Private-equity backed EagleClaw Midstream is suing the former owners of Caprock Midstream, alleging they failed to disclose tens of millions of dollars of liabilities during acquisition talks.
EagleClaw in 2018 acquired natural gas pipeline operator Caprock Midstream Holdings from Energy Spectrum Capital and Caprock Midstream Management for $950 million. After the deal closed, EagleClaw discovered "numerous issues and claims for liabilities" with the pipeline assets, according to a lawsuit filed in a Texas court in Houston.
The largest amount was a $22 million bill presented after the close by Cimarex Energy Co. from an audit of a gas gathering, water handling and electrical services agreements, the suit claimed. EagleClaw is owned by private equity firms Blackstone Capital Partners and I Squared Capital.
EagleClaw would not have completed the deal without obligating Caprock to defend those claims had it been aware of the audit, according to the lawsuit. Representatives for EagleClaw did not immediately respond to a request for comment.
Caprock and Energy Spectrum Capital could not immediately be reached for comment.
Blackstone and I Squared did not immediately reply to requests for comment.
A Cimarex spokesman had no immediate comment.
EagleClaw's suit seeks undisclosed damages for breach of contract and access to $4.75 million held in an escrow account.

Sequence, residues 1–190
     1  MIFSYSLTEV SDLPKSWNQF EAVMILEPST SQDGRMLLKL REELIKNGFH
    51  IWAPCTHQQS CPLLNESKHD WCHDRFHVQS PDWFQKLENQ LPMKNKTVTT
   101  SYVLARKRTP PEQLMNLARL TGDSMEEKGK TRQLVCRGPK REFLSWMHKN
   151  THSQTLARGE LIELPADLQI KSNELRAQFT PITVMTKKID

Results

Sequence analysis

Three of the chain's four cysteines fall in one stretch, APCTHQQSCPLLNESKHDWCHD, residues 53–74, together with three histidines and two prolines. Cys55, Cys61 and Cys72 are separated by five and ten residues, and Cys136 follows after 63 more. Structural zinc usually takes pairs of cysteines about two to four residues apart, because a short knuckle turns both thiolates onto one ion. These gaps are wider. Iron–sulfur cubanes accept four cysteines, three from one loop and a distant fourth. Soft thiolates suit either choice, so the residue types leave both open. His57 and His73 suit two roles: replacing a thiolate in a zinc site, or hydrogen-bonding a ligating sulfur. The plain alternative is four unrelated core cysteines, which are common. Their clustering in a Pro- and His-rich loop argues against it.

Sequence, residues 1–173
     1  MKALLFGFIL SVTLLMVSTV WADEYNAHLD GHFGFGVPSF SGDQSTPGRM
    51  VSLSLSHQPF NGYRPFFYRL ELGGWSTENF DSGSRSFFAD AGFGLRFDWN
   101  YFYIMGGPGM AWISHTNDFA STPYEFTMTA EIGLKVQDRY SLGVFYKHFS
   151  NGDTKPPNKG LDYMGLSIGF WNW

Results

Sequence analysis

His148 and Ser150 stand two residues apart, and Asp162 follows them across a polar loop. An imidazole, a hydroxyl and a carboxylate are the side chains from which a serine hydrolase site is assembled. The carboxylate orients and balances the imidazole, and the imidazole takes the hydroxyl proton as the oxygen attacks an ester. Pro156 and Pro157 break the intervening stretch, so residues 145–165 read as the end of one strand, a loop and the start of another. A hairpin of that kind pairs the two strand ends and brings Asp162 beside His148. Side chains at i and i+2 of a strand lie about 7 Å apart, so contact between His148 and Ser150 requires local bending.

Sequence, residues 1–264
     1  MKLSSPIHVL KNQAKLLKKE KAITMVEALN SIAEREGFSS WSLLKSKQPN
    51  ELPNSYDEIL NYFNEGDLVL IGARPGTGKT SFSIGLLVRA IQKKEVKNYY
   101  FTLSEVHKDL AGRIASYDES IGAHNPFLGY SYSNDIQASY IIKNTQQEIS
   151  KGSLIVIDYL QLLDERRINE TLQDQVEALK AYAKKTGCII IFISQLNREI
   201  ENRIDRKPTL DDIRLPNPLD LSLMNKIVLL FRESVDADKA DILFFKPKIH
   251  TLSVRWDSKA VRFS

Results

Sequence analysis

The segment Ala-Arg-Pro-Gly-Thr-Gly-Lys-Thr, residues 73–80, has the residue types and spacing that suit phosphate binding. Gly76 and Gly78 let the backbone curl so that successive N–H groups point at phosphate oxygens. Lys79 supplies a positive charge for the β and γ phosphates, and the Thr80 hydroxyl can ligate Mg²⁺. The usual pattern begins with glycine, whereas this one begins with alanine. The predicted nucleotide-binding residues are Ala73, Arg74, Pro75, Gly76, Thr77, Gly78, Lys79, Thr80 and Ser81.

The company said it also expects to incur $4 million in costs to fix "severe corrosion" in a gas pipeline it claimed had defective joints, and $600,000 to repair a natural gas processing plant in Texas that suffered shutdowns.
The case is Eagleclaw Midstream Ventures versus Caprock Midstream, Harris County District Court, 2020-31025.
There was no immediate confirmation or comment from state oil firm NOC which operates with foreign partners the 315,000 barrels-per-day (bbl/d) field deep in Libya’s southern desert.
Egypt expects investments of at least $750 million to $800 million in the first stage of exploration in the 12 concessions, Petroleum Minister Tarek El Molla said during a press conference.
Uganda expects to begin producing oil in 2022, its energy minister Irene Muloni said on Feb. 13, indicating a slight delay from the east African country’s revised target of 2021.